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March 9, 2016updated 05 Sep 2016 7:23am

Security, safety, privacy: $140bn global connected vehicle industry faces UK backlash over concerns about future car technology

Analysis: Could the EU’s 2018 smart car technology requirements prove too much for Brits?


Next week it is expected that Chancellor George Osborne will announce the trialling of driverless trucks on the country’s roads in next week’s Budget, but an alarming report has found that British drivers are still not sold on connected car technologies.

Despite the government’s injection of money into autonomous and driverless vehicles, recent security incidents in the autonomous car space, such as the 2015 Jeep Cherokee hacking incident, has sparked concern amongst UK drivers.

A survey has found that as many as 49% of drivers in the UK are concerned about the safety of the connected car, with automotive manufacturers also admitting there could be a security lag of up to three years before systems catch up with cyber threats.

According to IDC and Veracode’s report, "Responsibility for Vehicle Security and Driver Privacy in the Age of the Connected Car", exposing a car to the internet makes it vulnerable to cyber attacks or malfunction due to glitches from poorly written software.

The survey, which polled 530 drivers in the UK and 542 in Germany, found that 50% of drivers in the UK are "very concerned" or "extremely concerned" about connected car systems being hacked and failing to operate as intended.

Nearly 30% said they are "somewhat concerned", 34% are "slightly concerned" and only 17% admitted not to be "concerned at all".

John Smith, principal solution architect at Veracode, told CBR: "With more than 200 million lines of code in today’s connected car, not to mention smartphone applications that tie directly to the car, vulnerable software is the biggest challenge the connected car industry faces. Whether you are a third-party software provider or a manufacturer, poorly written or insecure software could render a car unstable or dangerous."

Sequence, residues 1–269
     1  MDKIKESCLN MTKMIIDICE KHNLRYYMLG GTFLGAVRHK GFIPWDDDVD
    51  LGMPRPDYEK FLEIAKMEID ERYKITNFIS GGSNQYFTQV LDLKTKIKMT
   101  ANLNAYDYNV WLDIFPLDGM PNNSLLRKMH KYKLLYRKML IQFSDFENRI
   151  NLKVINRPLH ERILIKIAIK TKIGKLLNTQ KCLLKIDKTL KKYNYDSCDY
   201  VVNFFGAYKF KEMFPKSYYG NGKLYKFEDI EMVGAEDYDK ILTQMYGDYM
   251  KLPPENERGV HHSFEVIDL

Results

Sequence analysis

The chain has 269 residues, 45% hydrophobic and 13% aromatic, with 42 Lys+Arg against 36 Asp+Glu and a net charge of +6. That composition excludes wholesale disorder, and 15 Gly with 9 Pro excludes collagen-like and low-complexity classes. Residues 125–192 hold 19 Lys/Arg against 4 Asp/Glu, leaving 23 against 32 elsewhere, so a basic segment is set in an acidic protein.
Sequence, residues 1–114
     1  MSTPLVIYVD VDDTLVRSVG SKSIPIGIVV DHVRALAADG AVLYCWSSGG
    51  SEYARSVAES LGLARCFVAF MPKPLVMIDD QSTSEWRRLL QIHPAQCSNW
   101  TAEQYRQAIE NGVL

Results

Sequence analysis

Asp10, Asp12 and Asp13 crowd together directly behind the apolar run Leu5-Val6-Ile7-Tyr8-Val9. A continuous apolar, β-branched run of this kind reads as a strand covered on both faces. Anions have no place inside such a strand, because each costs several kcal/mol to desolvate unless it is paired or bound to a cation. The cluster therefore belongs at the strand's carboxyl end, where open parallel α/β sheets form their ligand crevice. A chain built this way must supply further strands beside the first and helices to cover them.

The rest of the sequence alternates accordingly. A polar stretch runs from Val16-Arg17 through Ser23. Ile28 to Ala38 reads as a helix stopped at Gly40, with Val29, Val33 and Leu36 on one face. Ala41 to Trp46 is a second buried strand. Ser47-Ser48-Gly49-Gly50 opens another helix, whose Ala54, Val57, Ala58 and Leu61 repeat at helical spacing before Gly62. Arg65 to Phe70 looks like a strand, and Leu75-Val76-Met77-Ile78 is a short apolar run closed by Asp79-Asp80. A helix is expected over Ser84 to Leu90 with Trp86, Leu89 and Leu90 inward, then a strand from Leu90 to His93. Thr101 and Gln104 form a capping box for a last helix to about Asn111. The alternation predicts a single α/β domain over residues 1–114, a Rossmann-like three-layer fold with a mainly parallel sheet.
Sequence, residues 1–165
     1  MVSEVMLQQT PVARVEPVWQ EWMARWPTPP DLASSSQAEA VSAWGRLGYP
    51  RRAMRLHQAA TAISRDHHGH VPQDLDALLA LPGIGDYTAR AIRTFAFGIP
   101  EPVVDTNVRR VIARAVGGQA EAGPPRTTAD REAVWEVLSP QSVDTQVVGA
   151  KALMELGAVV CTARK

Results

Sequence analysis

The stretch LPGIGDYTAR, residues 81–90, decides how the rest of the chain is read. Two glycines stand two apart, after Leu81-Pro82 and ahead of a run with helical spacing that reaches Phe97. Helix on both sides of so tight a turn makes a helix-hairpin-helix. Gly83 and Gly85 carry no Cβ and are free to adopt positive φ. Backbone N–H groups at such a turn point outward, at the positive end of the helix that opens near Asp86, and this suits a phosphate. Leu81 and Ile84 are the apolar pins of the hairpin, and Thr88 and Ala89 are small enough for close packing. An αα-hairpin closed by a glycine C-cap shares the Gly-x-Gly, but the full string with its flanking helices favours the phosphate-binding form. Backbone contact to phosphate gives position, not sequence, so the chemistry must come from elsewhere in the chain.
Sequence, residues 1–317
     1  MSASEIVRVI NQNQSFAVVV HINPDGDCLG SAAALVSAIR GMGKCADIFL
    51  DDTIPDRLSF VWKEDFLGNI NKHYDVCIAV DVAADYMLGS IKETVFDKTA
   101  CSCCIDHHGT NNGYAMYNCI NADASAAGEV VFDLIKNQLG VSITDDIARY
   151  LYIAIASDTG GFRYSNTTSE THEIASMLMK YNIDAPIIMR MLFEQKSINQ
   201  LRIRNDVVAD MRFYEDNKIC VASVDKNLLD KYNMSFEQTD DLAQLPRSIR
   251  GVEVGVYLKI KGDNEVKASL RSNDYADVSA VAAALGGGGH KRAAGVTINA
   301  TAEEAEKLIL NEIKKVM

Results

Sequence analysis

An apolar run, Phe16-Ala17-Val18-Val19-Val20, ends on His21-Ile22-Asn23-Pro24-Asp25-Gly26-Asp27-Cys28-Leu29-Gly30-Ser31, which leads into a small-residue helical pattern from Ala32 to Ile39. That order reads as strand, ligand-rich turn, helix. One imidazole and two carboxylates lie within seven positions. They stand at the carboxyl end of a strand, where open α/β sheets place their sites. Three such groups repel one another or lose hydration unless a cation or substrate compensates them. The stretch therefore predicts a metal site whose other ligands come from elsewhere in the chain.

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Smith also said that beyond the imperative to create secure software, it is also essential that when vulnerabilities are discovered they can be fixed quickly and the resulting patches rolled out to all customers.

Because the software supply chain for the automotive industry is complex and the size of the customer base is large, "this may well be the most challenging aspect of securing the connected car, potentially leading to extended risk exposure".


Drivers know where liability sits, however, privacy is a concern

Elsewhere, a big question around the connected smart car of the future sits around the liability following an accident.

Drivers in the UK appear much more willing to put their hands up when compared to their German counterparts, with the majority of drivers (40%) holding themselves responsible, while a fifth of respondents point a finger at the app developers and manufacturers, and just 17% blame app stores.

Data privacy around the connected car is also driving concerns in the industry and among consumers. The study has found that privacy sensitivity recognition will vary from country to country and acceptance will not be an industry-wide ‘rule’ but based on local legislation and culture.

The majority of British drivers (51%) are "concerned" or "very concerned" about personal data collected by a connected car that could be used in ways they did not intend it to be used.

18% said they are "concerned" about the use of personal data, but accept a degree of risk in order to benefit from the possibilities of the connected car.

In the end, 21% of motorists in the UK, compared to 30% in Germany, are "very concerned" and regard the connected car as a major problem in terms of data privacy.

Brown concluded that data privacy is often characterised as a uniquely German issue, "but our research shows that one-fifth of British drivers are also "very concerned" about data privacy protection in the connected car".

Smith said: "The automotive industry as a whole needs to implement software security initiatives that cover not just the primary manufacturers but also the complete supply chain.

"Future connected car features will drive innovation and provide competitive advantages for successful manufacturers, but risks to driver safety and privacy must not be allowed to be the by-product of this innovation."

Like the previous Jeep Cherokee example, users have also seen Nissan’s Leaf being targeted by hackers.

The company had to suspend the service after a flaw was found which allowed hackers to drain the Leaf car battery and access driver information, as well as control the AC system over an app via the internet.

Playing down the incident, Richard Candler, GM for advanced and CCL product strategy at Nissan Europe, told CBR from the Geneva Motor Show that an independent security consultant picked up a flaw with Leaf, although it was not with the driving system.